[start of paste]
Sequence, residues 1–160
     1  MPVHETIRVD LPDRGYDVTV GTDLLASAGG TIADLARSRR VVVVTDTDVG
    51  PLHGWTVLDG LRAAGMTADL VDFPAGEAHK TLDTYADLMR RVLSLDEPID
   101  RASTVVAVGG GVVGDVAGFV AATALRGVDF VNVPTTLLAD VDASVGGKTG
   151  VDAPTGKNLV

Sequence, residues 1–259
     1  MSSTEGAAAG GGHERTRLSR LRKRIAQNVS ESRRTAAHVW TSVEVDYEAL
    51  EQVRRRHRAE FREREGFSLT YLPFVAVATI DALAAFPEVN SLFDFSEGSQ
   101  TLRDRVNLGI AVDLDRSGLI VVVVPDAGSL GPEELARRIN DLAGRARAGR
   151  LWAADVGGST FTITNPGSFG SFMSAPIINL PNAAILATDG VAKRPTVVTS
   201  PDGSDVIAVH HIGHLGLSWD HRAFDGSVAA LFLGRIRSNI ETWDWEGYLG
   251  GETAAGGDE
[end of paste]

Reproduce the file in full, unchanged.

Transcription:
Sequence, residues 1–160
     1  MPVHETIRVD LPDRGYDVTV GTDLLASAGG TIADLARSRR VVVVTDTDVG
    51  PLHGWTVLDG LRAAGMTADL VDFPAGEAHK TLDTYADLMR RVLSLDEPID
   101  RASTVVAVGG GVVGDVAGFV AATALRGVDF VNVPTTLLAD VDASVGGKTG
   151  VDAPTGKNLV

Sequence, residues 1–259
     1  MSSTEGAAAG GGHERTRLSR LRKRIAQNVS ESRRTAAHVW TSVEVDYEAL
    51  EQVRRRHRAE FREREGFSLT YLPFVAVATI DALAAFPEVN SLFDFSEGSQ
   101  TLRDRVNLGI AVDLDRSGLI VVVVPDAGSL GPEELARRIN DLAGRARAGR
   151  LWAADVGGST FTITNPGSFG SFMSAPIINL PNAAILATDG VAKRPTVVTS
   201  PDGSDVIAVH HIGHLGLSWD HRAFDGSVAA LFLGRIRSNI ETWDWEGYLG
   251  GETAAGGDE